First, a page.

It is what I came for, I suppose, to connect with this “something” that has been getting under my skin for a couple of years, and longer, maybe for most of my adult life, something about my life that needs to change. I write down that fear, and also some of the good things I am learning–how to reconnect with trees (December 12, 2014) and how to observe creatures in nature (January 9, 2015). In some ways, I realize what I am learning is how to pay attention to the wild, the natural, as a source of wisdom (something our culture actively discourages) . . . .
. . . and I say, again, I am afraid there is more . . . and then it happens. The more comes.
In that moment, out of my control, I say out loud–and I write exactly at the same moment in my journal. . . “and the writing keeps crying out.”
The writing keeps crying out.
I did not say this and then write it down, or write it and then say it out loud. This was a simultaneous action of speaking and writing, as if my voice was moving my pen, or perhaps my pen was moving my voice. Either way, my voice hung in the air for just a moment or two, and I burst into sobs, I wail, I cry out big loud cries of agony and joy all mixed together. I try to stifle the noise, and then I know I must be even louder, this is decades of denial that needs to come out. I breathe, it feels as if I am taking in big gulps of truth which then send me into tears. I exhale. I drink. I breathe. I cry. I sit.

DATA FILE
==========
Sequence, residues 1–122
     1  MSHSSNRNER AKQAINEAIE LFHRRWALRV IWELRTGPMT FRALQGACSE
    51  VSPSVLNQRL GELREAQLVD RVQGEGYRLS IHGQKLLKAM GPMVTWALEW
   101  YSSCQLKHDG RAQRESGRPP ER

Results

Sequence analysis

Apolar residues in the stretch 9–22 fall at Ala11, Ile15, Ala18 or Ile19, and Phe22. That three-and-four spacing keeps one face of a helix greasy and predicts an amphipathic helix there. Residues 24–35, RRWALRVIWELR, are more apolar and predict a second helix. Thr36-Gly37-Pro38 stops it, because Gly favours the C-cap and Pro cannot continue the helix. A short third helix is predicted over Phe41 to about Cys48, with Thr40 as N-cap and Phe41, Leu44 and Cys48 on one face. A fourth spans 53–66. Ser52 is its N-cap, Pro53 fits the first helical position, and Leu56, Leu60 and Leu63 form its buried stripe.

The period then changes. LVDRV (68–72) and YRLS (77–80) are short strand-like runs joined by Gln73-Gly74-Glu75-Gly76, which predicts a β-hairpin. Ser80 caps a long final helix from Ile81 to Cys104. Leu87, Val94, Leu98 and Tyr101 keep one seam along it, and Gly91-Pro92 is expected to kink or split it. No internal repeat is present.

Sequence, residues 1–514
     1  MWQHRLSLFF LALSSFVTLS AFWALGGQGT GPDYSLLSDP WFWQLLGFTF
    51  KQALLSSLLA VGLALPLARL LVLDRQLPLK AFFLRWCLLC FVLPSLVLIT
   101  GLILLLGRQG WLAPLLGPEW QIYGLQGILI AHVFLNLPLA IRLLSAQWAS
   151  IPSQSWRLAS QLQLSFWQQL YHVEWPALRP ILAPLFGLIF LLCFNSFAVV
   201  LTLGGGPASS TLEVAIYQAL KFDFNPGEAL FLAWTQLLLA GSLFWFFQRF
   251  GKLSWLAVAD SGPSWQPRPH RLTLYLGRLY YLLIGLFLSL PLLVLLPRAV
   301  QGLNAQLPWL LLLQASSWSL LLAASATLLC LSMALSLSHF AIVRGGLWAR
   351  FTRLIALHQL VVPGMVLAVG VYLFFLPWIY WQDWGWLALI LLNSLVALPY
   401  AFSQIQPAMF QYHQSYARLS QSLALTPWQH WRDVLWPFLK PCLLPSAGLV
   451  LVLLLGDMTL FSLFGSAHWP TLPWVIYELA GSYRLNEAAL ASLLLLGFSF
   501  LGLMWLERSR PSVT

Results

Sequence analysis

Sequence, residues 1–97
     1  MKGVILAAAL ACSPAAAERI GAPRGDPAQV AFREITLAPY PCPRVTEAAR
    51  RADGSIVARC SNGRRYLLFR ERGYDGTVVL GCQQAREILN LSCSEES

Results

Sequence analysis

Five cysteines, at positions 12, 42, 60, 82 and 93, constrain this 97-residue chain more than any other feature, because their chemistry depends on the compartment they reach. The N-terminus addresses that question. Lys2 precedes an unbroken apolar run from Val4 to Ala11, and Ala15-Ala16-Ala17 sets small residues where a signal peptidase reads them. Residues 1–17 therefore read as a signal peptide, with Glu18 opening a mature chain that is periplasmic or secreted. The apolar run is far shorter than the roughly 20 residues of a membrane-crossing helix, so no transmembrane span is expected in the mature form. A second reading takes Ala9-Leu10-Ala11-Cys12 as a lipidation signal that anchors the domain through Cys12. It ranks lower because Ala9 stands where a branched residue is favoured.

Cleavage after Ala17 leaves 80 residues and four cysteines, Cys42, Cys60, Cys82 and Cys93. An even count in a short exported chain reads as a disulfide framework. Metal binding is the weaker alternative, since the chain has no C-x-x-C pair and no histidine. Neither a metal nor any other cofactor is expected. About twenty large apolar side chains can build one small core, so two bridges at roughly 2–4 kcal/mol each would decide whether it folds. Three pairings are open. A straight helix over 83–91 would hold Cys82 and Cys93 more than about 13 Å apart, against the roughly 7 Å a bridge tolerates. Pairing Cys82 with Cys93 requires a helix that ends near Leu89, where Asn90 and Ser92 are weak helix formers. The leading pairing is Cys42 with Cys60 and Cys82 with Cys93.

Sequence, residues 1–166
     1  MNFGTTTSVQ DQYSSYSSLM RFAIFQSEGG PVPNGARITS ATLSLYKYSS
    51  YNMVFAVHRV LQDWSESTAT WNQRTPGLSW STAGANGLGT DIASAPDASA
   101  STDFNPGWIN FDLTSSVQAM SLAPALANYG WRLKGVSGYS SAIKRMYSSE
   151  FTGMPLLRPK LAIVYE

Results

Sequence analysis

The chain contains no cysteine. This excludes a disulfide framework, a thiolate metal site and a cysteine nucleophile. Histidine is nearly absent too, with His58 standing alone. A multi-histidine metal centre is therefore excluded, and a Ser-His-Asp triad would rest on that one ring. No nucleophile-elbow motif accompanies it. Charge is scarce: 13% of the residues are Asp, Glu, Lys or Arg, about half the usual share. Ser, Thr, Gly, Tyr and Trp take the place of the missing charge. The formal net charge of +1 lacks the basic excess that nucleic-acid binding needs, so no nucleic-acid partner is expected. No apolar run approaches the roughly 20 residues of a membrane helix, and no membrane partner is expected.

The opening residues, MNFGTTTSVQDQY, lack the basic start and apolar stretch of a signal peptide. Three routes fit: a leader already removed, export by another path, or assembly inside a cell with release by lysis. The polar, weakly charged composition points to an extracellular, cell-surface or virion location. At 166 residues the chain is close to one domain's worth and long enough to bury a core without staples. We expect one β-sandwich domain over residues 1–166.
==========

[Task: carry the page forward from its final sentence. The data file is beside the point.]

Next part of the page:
I cry more, and I write. And cry. Some long neglected part of me has come home, I think, or more accurately, I have come home to it.